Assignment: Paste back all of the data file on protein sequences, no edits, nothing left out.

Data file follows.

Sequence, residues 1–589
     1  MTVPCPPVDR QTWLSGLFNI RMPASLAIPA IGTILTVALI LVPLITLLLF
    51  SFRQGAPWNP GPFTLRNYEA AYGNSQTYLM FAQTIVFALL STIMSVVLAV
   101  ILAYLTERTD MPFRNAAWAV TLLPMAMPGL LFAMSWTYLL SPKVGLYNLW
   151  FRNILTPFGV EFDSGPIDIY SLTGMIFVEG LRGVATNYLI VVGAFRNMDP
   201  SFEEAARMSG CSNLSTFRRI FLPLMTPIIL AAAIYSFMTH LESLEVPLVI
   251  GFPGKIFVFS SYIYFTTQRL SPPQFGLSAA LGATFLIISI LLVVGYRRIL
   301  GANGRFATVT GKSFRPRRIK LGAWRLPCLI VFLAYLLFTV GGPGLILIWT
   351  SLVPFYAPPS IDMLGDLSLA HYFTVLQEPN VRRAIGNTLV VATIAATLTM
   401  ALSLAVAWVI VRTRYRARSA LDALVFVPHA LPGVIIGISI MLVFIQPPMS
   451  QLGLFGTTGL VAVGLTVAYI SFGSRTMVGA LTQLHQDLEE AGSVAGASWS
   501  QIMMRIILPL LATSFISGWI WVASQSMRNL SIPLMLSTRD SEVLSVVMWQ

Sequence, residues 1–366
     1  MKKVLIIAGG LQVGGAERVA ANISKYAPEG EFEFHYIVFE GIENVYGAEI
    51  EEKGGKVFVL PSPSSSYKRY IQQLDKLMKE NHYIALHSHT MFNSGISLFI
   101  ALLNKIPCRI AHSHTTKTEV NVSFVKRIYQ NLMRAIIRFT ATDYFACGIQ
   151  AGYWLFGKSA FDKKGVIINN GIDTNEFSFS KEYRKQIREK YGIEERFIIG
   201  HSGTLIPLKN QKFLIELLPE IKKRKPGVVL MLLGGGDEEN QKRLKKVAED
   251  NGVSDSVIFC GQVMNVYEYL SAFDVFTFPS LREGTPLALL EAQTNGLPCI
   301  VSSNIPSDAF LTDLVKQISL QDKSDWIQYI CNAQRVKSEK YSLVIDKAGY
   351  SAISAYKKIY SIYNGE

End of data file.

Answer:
Sequence, residues 1–589
     1  MTVPCPPVDR QTWLSGLFNI RMPASLAIPA IGTILTVALI LVPLITLLLF
    51  SFRQGAPWNP GPFTLRNYEA AYGNSQTYLM FAQTIVFALL STIMSVVLAV
   101  ILAYLTERTD MPFRNAAWAV TLLPMAMPGL LFAMSWTYLL SPKVGLYNLW
   151  FRNILTPFGV EFDSGPIDIY SLTGMIFVEG LRGVATNYLI VVGAFRNMDP
   201  SFEEAARMSG CSNLSTFRRI FLPLMTPIIL AAAIYSFMTH LESLEVPLVI
   251  GFPGKIFVFS SYIYFTTQRL SPPQFGLSAA LGATFLIISI LLVVGYRRIL
   301  GANGRFATVT GKSFRPRRIK LGAWRLPCLI VFLAYLLFTV GGPGLILIWT
   351  SLVPFYAPPS IDMLGDLSLA HYFTVLQEPN VRRAIGNTLV VATIAATLTM
   401  ALSLAVAWVI VRTRYRARSA LDALVFVPHA LPGVIIGISI MLVFIQPPMS
   451  QLGLFGTTGL VAVGLTVAYI SFGSRTMVGA LTQLHQDLEE AGSVAGASWS
   501  QIMMRIILPL LATSFISGWI WVASQSMRNL SIPLMLSTRD SEVLSVVMWQ

Sequence, residues 1–366
     1  MKKVLIIAGG LQVGGAERVA ANISKYAPEG EFEFHYIVFE GIENVYGAEI
    51  EEKGGKVFVL PSPSSSYKRY IQQLDKLMKE NHYIALHSHT MFNSGISLFI
   101  ALLNKIPCRI AHSHTTKTEV NVSFVKRIYQ NLMRAIIRFT ATDYFACGIQ
   151  AGYWLFGKSA FDKKGVIINN GIDTNEFSFS KEYRKQIREK YGIEERFIIG
   201  HSGTLIPLKN QKFLIELLPE IKKRKPGVVL MLLGGGDEEN QKRLKKVAED
   251  NGVSDSVIFC GQVMNVYEYL SAFDVFTFPS LREGTPLALL EAQTNGLPCI
   301  VSSNIPSDAF LTDLVKQISL QDKSDWIQYI CNAQRVKSEK YSLVIDKAGY
   351  SAISAYKKIY SIYNGE